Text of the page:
The second choice of real estate is much easier. It is a big NO. The bubble has just burst in 2007. If history is of any guide, your inflation-adjusted annualized return for most real estate investment will be negative for the next 20 years (if you count from year 2007). Yes, I do mean negative. And I also don’t believe that a super slow-moving market can reach a bottom in 2 years. Gosh, it even took 2 to 3 years for the fast-moving stock market to reach a bottom in 2002/2003 from year 2000. Anybody out there telling you that the housing market bottom is in is just a big fat liar, or an idiot. Real estate markets move in a much slower pace compared to other markets. I will never listen to any words spoken by any people who cannot even 1. realizing that housing market was in a bubble, 2. understanding that housing bubble cannot make a bottom in two years. And if you want to believe those lies, sorry, your greed has covered your eyes from seeing the truth. Want to flip another property for $100K? Be my guest. There is actually quite a real estate investing revival crowd in 2009, as far as I can tell. And they will probably be the dumbest crowd ever. It’s dumb enough to chase the housing market. Now, it’s even dumber to catch the falling knife just after two years of bubble bursting.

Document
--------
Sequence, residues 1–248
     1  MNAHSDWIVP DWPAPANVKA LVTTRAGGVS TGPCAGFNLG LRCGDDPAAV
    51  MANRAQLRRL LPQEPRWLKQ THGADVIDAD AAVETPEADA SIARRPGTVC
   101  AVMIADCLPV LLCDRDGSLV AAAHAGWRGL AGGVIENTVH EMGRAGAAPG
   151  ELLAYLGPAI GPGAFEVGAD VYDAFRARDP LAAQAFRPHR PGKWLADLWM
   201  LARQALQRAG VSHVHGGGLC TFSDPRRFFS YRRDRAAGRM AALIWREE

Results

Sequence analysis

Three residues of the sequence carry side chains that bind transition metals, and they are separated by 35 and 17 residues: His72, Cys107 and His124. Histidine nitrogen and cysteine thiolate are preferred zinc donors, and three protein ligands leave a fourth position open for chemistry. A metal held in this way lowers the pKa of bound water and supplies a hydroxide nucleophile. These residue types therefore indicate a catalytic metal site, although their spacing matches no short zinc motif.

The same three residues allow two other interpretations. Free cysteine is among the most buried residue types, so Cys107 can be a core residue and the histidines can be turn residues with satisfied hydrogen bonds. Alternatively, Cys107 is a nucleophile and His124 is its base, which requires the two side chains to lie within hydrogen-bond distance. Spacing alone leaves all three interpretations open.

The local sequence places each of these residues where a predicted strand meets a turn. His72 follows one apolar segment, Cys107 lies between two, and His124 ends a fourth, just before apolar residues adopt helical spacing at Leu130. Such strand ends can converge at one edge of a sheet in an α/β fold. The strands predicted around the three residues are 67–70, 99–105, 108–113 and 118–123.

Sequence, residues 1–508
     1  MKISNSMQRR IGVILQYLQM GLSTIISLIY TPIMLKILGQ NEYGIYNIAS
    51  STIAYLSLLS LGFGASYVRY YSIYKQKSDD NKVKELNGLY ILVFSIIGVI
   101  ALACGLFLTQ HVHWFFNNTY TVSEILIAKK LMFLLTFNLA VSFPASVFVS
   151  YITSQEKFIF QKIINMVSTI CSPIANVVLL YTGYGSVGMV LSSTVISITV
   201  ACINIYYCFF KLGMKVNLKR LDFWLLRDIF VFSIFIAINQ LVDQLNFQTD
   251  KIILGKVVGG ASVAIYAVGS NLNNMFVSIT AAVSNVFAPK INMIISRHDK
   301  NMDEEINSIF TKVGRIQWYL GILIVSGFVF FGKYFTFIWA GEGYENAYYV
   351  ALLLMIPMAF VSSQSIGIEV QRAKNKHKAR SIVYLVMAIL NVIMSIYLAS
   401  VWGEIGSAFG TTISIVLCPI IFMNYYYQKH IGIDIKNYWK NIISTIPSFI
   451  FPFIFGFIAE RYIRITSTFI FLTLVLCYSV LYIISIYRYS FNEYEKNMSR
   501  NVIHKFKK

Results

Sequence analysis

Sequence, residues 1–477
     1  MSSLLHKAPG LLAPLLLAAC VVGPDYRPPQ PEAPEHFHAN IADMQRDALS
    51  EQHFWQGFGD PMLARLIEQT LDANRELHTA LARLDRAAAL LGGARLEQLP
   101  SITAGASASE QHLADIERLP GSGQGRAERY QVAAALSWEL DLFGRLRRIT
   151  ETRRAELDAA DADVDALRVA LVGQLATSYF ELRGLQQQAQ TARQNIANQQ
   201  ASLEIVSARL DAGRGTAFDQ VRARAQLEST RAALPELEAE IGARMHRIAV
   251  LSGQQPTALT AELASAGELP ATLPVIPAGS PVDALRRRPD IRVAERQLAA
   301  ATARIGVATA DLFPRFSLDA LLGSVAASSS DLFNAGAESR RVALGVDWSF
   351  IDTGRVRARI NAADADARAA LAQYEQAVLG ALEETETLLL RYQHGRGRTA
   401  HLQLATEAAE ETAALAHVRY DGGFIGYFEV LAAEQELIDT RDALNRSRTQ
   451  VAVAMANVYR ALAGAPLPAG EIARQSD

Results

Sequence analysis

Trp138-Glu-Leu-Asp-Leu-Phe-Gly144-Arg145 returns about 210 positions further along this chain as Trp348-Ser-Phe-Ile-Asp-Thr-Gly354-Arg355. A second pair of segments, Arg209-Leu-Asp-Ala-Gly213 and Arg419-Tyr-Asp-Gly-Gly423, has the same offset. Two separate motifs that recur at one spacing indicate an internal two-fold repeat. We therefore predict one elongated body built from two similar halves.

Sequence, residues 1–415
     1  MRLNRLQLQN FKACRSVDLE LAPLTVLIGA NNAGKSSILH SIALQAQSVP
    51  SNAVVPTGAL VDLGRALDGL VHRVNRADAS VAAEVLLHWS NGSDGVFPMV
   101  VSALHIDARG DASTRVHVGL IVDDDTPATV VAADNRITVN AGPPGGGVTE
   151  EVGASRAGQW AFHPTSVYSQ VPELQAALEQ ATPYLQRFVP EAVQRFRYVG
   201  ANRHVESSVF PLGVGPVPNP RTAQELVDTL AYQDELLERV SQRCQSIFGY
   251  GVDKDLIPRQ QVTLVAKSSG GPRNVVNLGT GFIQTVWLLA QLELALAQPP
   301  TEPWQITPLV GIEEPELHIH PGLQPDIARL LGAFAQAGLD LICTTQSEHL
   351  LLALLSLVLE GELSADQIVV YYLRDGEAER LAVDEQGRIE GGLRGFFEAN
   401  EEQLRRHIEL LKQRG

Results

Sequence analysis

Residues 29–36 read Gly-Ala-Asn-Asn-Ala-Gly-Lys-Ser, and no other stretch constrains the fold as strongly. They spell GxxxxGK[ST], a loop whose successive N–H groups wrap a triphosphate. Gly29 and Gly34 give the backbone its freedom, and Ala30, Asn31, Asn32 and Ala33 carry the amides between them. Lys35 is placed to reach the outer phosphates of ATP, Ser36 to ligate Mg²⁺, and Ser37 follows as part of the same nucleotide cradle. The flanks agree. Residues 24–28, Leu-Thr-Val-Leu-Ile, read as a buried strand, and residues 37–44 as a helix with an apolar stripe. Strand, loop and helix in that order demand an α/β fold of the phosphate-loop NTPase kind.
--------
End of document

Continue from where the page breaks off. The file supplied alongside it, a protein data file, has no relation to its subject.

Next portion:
The third choice of bonds is a little difficult, especially after you’ve partially eliminated the first two. But history can help us out here a little. Note that long term bond yields (or 30 years treasury) have been falling since year 1981/1982 in the above chart. Falling bond yields mean that bond prices are going up. So from 1982 to 2009, that is also a very very long 27 years of bull market. Again, the question that should be asked is that what is the chance of bond prices to continue going up after 27 years? Of course, the factor in favoring bonds is that bonds are an interest-yielding instrument. So besides the raw prices that go up and down, you get partially covered by the paid interests. My own forecast for bonds is that it will probably drop a lot for the next two years. After that, it may go up for some 3 to 5 years. But beyond that timeframe, I believe that inflation will be with us for a long time. Because it is hard to time the market, I choose to stay out of long term bonds too, especially since I believe the magnitude of fall will be much bigger than the interest yields that you can get. Just this year since January, long term bonds have fallen by 25%, giving back all the gains made from the anomaly rising of last year (caused by front-running the Fed’s purchase of long term bonds). The market strain is quite evident in this usually stable bond market. If bonds can go up and down by 25% in 5 to 6 months, you know stock markets can double that volatility easily.